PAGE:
Social capital is a significant predictor of suicidal behaviors among Chinese rural migrants. However, the mechanism, including the impact of employment and mental health, has not been fully understood. This study aims to examine the complex relationships linking social capital to suicidal behaviors.
Data were collected from a probability sample (n = 1,245) of rural migrants in Wuhan, China. Social capital was used to predict suicidal behaviors, with employment uncertainty as step 1 mediator and anxiety as step 2 mediator. Suicidal ideation and attempt were analyzed separately using a chained moderated mediation model. Years of migration was included as moderator in all models to control its confounding effect.
Of the total sample, 50.9% were male with mean age of 32.0 (SD = 7.8) years. The association between social capital and suicidal ideation was significantly mediated by employment uncertainty (indirect effect [95% CI] = −0.14 [−0.24, −0.04]), but not for suicidal attempt (−0.02 [−0.20, 0.15]). Anxiety significantly mediated the same association for both suicidal ideation (−0.19 [−0.37, −0.01]) and attempt (−0.20 [−0.40, −0.01]). The chained relationship from social capital to employment uncertainty, anxiety, and suicidal behaviors was also significant with indirect effect of −0.05 [−0.09, −0.01] for both suicidal ideation and attempt. Similar results were observed for bonding and bridging capital.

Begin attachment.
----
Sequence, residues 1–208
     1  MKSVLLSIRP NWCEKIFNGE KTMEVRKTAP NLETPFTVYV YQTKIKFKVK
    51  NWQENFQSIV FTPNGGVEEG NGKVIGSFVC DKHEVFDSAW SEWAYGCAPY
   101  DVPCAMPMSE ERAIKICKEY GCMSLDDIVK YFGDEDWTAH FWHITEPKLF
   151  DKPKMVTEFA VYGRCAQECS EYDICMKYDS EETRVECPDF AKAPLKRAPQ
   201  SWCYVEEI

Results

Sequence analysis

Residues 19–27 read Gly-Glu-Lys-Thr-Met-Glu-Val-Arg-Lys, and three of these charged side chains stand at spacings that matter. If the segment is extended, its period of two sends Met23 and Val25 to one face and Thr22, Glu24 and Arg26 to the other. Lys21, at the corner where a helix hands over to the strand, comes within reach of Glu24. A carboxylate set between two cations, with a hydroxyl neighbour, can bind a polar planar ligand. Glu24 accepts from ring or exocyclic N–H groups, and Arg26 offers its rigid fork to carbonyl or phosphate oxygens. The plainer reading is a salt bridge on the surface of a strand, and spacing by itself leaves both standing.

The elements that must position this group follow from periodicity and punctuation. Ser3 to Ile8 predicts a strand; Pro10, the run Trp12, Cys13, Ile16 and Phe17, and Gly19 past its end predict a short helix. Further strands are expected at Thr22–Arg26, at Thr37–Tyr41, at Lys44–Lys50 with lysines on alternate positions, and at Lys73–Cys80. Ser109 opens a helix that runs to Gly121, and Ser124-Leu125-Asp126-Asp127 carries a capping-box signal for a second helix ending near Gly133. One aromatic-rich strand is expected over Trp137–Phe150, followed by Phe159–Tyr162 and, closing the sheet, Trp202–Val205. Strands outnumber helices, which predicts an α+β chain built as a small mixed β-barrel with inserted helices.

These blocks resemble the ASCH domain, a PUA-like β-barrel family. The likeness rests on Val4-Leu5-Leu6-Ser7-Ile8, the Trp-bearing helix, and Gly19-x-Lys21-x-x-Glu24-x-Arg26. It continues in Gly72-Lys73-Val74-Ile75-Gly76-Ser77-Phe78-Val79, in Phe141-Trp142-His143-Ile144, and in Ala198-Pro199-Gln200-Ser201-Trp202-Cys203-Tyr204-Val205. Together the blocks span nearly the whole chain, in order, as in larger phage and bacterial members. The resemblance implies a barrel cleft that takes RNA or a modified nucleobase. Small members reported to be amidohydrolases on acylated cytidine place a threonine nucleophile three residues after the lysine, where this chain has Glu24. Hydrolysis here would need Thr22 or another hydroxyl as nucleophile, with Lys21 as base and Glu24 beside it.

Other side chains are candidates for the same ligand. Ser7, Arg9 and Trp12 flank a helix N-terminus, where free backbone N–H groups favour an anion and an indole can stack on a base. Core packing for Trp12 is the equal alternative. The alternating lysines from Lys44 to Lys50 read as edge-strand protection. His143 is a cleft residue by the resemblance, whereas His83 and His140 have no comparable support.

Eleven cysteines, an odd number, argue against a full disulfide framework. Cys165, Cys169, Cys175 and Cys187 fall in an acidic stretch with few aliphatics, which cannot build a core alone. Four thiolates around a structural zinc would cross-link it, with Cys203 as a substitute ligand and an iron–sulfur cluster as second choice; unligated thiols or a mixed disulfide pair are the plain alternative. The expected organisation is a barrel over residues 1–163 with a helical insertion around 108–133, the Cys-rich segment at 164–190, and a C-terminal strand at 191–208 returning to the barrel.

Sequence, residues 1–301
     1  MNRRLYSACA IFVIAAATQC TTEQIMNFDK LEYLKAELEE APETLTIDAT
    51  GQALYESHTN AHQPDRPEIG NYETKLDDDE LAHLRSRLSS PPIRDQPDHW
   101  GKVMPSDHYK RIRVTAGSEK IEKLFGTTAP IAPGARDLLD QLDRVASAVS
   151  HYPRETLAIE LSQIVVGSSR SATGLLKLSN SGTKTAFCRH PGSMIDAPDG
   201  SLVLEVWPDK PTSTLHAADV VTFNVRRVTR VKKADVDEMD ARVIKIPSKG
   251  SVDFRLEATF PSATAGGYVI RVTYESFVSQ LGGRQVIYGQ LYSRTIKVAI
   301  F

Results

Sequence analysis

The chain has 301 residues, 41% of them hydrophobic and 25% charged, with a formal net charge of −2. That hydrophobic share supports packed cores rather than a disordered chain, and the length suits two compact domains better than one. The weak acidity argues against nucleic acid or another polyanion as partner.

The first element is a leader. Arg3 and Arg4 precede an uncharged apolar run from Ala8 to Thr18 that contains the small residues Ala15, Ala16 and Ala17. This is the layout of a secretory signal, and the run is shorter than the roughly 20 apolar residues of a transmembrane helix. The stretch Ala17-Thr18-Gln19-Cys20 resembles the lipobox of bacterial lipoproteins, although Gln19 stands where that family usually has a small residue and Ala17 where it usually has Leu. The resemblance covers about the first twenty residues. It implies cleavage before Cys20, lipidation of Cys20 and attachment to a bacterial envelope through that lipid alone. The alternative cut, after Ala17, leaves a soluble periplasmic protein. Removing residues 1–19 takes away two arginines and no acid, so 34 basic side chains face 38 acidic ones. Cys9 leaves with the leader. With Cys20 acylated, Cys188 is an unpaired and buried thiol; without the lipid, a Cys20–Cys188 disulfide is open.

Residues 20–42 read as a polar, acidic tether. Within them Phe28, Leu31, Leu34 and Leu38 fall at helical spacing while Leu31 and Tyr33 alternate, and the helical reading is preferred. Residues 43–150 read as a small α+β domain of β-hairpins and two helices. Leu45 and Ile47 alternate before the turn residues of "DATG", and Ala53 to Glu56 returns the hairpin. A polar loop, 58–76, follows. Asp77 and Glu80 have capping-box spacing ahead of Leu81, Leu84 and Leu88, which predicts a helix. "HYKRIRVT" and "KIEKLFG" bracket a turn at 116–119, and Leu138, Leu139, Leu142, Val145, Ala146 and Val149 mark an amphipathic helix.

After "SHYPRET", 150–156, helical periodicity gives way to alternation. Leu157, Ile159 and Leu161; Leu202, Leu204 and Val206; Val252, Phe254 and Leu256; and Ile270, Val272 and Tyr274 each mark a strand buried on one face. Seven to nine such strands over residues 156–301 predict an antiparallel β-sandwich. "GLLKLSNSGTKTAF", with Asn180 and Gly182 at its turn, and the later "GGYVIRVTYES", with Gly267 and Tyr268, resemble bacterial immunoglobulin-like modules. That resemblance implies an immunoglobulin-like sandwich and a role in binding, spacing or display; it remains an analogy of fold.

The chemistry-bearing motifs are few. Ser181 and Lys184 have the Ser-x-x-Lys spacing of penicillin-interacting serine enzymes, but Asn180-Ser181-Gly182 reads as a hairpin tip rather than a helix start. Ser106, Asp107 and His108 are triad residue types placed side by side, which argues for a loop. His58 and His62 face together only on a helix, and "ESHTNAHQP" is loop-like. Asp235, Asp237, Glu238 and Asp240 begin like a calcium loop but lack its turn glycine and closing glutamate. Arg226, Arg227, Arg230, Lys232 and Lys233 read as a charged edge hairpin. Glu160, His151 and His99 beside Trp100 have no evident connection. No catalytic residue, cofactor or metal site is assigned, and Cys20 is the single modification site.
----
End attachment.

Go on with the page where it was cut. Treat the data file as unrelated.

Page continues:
Social capital may exert an effect on suicidal behaviors through employment and mental health among rural migrants in China. Social capital–based suicide prevention must consider both employment and mental health problems to obtain better effects.